Similarly, even if you think abortion is immoral you can promote keeping it legal since greater evils, multiple deaths of women (especially poor women) from botched abortions would follow.

Those who oppose abortion but do not wish to impose that view on the entire polity have support in Catholic teaching.

 
At 7/09/2007 10:31 AM, Blogger _alyosha_ said...

Hi Beth,

I would not be too quick to support this kind of argument from St. Thomas and St. Augustine, as I think it is dangerously slick. In Catholic teaching, we well know that the ends do not justify the means, and this argument seems perilously close to that kind of justification.

Of course, so do the "just war" theories and death penalty permissions and the like, so who knows?

I do understand completely your views in the last paragraph of your post, but I've never been able to accept it. Society does have the obligation to protect children and vulnerable adults. If someone decides this "X" is not a human being, and I think this "X" is a human being, I cannot, in good conscience, permit "X's" destruction.

Catholic teaching may insist that individuals follow even an erroneous conscience, and perhaps the person obtaining an abortion incurs no guilt, but I incur it the moment I permit the action, since my conscience tells me quite another thing.

People are free to sin. We should still counsel people against it, but they have that liberty. But then when should society step in? To my mind, only when the lives of others are threatened by such actions.

 
At 7/10/2007 12:18 PM, Blogger beth said...

Hi Alyosha - Like you say, it's pretty slick territory...

Isn't the bottom line of Catholic faith (teaching et al) that all life is sacred?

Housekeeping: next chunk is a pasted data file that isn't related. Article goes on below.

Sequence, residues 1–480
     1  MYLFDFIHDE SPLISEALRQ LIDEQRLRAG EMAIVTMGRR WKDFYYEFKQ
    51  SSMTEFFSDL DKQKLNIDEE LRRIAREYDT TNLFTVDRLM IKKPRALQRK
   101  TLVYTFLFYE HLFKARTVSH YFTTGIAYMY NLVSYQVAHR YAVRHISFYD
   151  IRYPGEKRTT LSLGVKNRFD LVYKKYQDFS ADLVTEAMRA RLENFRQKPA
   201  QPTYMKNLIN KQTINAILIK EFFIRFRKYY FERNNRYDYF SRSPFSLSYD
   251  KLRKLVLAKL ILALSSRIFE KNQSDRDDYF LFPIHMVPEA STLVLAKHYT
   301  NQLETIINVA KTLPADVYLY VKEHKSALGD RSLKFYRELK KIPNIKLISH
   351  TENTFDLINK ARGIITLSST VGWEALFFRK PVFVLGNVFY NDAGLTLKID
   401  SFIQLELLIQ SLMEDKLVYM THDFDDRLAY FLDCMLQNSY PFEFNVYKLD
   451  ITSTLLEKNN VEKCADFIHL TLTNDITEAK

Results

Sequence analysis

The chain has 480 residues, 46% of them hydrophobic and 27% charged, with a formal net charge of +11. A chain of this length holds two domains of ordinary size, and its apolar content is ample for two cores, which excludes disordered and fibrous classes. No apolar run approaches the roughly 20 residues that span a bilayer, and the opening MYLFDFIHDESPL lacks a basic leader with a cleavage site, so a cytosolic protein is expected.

If we believe that life emmanates from God and can only be recalled by God, then of course, any kind of killing - abortion, capital punishment, war - must be prohibited.

Catholic teaching, according to Thomas and Aquinas, really is that certain evils are tolerated less greater ones ensue. THat's where "just war" comes from.

Why is "just war" and capital punishment tolerated but not legalized abortion? Or vice versa - why is abortion wrong, but not capital punishment or war?

In my mind they are all of one cloth. We can't be sincere in our efforts to end abortion if we are not equally involved in ending the death penalty.

 
At 7/10/2007 3:10 PM, Blogger _alyosha_ said...

Well, I'd have to find myself in a peculiar role, to argue against your views, since largely I agree with you - and am a strong advocate to abolish the death penalty. But the church's teaching on "just war" and the death penalty are from a self-defense perspective. One may kill another in self defense. And by that line of reasoning, I suppose one could say that one could abort a fetus with similar justifications. Unless a woman's health and life are at risk, I can't quite make that leap. But many do. I don't know. Abortion is the most difficult of all civil/moral questions out there, in my mind. But to error on the side of life is what often clinches it for me. I have to oppose it.

 
At 7/10/2007 7:31 PM, Anonymous joseph Drake said...

Life news reports the U.S. Catholic Bishops are asking people to refrain for now from supporting AI and to contact them. Democracts for Life has asked people to contact AI.

I believe that to equate laws against abortion with human rights abuses is dangerously close to disallowing the state any power to enfoce the moral concensus of the community. What about the communities right to a moral concensus?

Finally I have recently read of a tribe in the Amazon through with all membership was by adoption. Abortion, birthcontrol, etc were universal practices. Infants were dispised, and new members we gained from other tribes. I'm not sure if that is still the case or not. But the characteristic that developed in the tribe is a general additude of selfishness. To tolerate legally abortion is to tolerate contempt for children and genreral selfishness in society. How can it be a right to move down that road?